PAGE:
Bipartisan legislation aimed at helping charter schools with a track record of success expand their reach is expected to sail through the U.S. House of Representatives Friday. But the path for the legislation in the Senate—where lawmakers recently introduced a nearly identical bill this week—remains unclear.
The House measure was written by Rep. John Kline, R-Minn., the chairman of the House education committee, and Rep. George Miller, D-Calif. It’s also gotten high-profile backing from Rep. Eric Cantor, R-Va., the House Majority Leader, a huge proponent of school choice. [UPDATE (May 9, 1:10 p.m.) The House approved the bill on a vote of 360 to 45.
So what does the bill actually do? The measure would combine federal programs aimed at helping charter developers open new schools with money to help charters find and fix up facilities. It also includes language aimed at ensuring that charter schools enroll—and retain—students in special education and English Language Learners.
And the bill would also allow charter schools to give those students special preference in charter lotteries (that’s something the administration has already encouraged). It would also create a new grant program to help proven Charter Management Organizations open new schools. (Again, that’s something the administration has already been doing. But the legislation would make the program a part of federal charter law.)
The bill also authorizes some additional funding for charter schools, allowing for $300 million in federal funds. (Currently the program is financed nearly $250 million.) Even though authorizations aren’t binding that sends a strong statement for a Congress bent on holding down spending.
Charter advocates say the federal charter program—which was last reauthorized along with the rest of the Elementary and Secondary Education Act back in 2001—is way overdue for an update.
Since then there’s been “dramatic and exponential growth in the charter sector,” said Gina Mahony, the senior vice president for government relations for the National Alliance of Public Charter Schools. “We want to double down on that investment and allow the high quality public charter schools that have a track record of success to continue to grow and expand.”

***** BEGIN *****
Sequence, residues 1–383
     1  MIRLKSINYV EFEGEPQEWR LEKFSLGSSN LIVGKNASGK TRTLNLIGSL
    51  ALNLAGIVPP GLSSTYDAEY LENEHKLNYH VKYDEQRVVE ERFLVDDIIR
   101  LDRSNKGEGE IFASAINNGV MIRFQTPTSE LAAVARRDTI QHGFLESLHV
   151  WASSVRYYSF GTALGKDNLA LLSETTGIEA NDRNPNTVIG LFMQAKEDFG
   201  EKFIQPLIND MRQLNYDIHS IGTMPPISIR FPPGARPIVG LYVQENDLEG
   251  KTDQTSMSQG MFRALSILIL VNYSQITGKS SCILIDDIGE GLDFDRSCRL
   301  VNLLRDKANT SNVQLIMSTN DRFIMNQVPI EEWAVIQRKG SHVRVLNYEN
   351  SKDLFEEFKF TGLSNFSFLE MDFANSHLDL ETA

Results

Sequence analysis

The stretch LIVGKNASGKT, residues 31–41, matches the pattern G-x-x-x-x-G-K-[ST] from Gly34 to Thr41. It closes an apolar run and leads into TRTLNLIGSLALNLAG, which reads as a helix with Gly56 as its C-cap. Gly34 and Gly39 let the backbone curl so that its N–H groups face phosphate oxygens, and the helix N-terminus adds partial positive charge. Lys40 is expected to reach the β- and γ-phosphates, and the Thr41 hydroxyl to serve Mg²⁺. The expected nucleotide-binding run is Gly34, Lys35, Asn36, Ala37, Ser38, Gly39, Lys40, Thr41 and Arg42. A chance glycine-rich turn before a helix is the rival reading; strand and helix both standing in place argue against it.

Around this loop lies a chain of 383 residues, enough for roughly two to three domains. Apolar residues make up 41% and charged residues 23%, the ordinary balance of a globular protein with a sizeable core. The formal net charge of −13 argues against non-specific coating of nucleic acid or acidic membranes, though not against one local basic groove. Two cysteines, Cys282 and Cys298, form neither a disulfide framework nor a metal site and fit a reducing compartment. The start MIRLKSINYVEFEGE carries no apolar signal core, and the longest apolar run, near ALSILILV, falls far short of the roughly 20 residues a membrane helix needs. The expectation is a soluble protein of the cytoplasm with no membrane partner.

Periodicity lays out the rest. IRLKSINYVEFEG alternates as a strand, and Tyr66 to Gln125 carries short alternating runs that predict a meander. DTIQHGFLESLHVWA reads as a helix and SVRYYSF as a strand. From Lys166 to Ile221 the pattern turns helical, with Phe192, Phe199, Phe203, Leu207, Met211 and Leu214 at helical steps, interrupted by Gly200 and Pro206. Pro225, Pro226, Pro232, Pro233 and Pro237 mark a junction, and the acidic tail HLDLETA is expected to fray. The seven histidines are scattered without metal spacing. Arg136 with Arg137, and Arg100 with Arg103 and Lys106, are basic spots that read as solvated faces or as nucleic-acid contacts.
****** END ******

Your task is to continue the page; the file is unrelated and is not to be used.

But not everyone is in love with the legislation. The American Association of School Administrators, for one, opposes the bill because, in AASA’s view, it doesn’t go far enough to ensure that charters are held to the same accountability and transparency standards as other public schools.
In a perfect world, advocates say, the charter legislation would again have been part of ESEA. But the broader bill has been caught in partisan paralysis for years. The charter portion—much of which was included in an ESEA bill that passed the House last summer with only GOP support—is pretty much the one piece that seems likely to pass the House with any cross-aisle collaboration.
The question is how it will fare in the Senate. The House passed similar legislation overwhelmingly back in 2011, but the other chamber never took it up. This time around, a companion Senate bill has been introduced by Sens. Mary Landrieu, D-La., and Mark Kirk, R-Ill. The two pieces of legislation have only a few key differences. The biggest: The Senate bill would steer more funding to the CMO competition. It would also give states that help charters find facilities a leg-up in competitions for federal funding.
The Senate bill also has the backing of two key members of the Senate education committee: Sens. Lamar Alexander of Tennessee, the top Republican on the panel, and Michael Bennet, D-Colo.
It’s unclear, however, how enthusiastic the committee’s chairman, Sen. Tom Harkin, D-Iowa, is about considering the legislation, as standalone bill, separate from the rest of ESEA. Harkin’s home state of Iowa isn’t fertile territory for charters, and charters have never been Harkin’s signature issue. (He’s working on moving an early education bill now, for instance.) And while the House chose to break out the charter bill because, for now, it’s the only bipartisan piece of the broader bill, Harkin would much rather do the whole thing at once.
“Sen. Harkin supports strengthening public charter schools and included provisions in his ESEA reauthorization bill to improve and update federal charter school programs. He remains committed to moving a full ESEA reauthorization bill through the Senate,” said his spokeswoman, Allison Preiss.
The House is set to vote on some dozen amendments, including three that have strong backing from the National Education Association. One, by Rep. Kathy Castor, D-Fla., would call for Secretary of Education Arne Duncan to develop and enforce conflict of interest guidelines for anyone associated with charters that get federal funding. Another, by Rep. Shelia Jackson Lee, D-Texas, would call for charters to detail their discipline policies, enrollment criteria, student recruitment and other information on their websites. And a third, by Rep. Gwen Moore, D-Wisc., calls for extra funding for state oversight of charters. More here. [UPDATE: (May 9): 1:30 p.m.] The Moore, Castor, and Jackson Lee amendments all failed to pass.
The National Alliance of Public Charters isn’t a fan of any of those amendments. Mahony argued that all three are “incredibly redundant or unnecessary.” For instance, she said, financial disclosures are already required under federal law, and the federal government doesn’t require any other type of public school to list the data Jackson-Lee’s amendment is asking for on its website. And, she said, the bill already has strong oversight protections built in.
“We don’t understand the role the state entity would be playing,” she said.